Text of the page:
August 4, 2021

Composition of an Arbitral Tribunal under Arbitration And Conciliation Act


In international commercial arbitration the arbitral tribunal plays a very important and a decisive role in the adjudication of the dispute. A commercial dispute can go to arbitration on the basis of an arbitration agreement between the disputing parties to submit the dispute to resolution by arbitration, where an arbitrator or a tribunal of arbitrators is appointed and has been given the legal authority to act by the parties.

The composition of the arbitral tribunal or the appointing of the sole arbitrator is a characteristic and crucial issue in arbitration. The composition of the arbitral tribunal will have a huge effect on the resolution of the dispute.

Not only this, but the composition of the tribunal will have some important legal consequences related to the starting date for the arbitration and can have repercussions if a party applies to have the award set aside or enforced later on.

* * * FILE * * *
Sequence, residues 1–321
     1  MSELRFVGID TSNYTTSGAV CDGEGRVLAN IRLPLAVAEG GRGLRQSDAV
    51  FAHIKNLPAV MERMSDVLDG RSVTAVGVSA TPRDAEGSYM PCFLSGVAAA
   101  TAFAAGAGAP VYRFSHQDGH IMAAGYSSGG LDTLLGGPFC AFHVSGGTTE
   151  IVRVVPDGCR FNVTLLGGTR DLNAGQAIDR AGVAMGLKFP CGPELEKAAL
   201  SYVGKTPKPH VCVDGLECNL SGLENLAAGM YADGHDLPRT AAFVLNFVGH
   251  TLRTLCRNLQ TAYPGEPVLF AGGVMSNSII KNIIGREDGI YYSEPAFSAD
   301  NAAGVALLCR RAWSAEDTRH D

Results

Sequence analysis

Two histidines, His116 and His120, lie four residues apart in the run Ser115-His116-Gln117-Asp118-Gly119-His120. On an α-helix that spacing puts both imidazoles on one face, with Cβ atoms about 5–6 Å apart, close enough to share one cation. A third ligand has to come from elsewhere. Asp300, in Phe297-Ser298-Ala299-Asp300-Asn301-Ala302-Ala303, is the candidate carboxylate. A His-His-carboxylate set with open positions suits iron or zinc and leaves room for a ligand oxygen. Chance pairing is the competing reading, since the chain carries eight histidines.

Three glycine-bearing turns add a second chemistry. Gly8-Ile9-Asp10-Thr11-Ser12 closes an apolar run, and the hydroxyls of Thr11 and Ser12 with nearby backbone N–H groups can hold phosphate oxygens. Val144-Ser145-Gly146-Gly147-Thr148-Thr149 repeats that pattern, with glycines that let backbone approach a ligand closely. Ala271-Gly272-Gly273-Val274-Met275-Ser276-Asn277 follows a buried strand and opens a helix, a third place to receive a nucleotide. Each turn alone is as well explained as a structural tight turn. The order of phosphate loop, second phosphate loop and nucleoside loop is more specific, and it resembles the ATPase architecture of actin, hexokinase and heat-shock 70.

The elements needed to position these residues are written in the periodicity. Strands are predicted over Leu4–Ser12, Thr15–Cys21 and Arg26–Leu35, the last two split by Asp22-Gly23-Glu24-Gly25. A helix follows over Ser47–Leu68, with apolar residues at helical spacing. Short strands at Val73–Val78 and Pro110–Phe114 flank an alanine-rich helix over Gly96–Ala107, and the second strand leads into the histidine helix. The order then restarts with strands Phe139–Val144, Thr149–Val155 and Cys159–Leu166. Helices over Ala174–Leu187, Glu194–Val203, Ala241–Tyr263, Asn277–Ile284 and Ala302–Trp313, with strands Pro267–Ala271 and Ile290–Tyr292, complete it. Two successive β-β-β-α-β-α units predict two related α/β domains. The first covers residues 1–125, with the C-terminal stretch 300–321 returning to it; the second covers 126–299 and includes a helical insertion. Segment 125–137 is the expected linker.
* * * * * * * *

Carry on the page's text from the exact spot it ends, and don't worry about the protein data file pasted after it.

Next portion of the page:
Chapter 3 of the Arbitration And Conciliation Act deals with the composition of the arbitral tribunal. Section 10 of the act deals with the concept of the number of the Arbitrators. It state the party are free to choose the number of arbitrators as they may deem fit the only deciding factor been that the number must be a even number In case where Sub Section 1 of the Act is not followed then in those cases the three will be a sole arbitrator.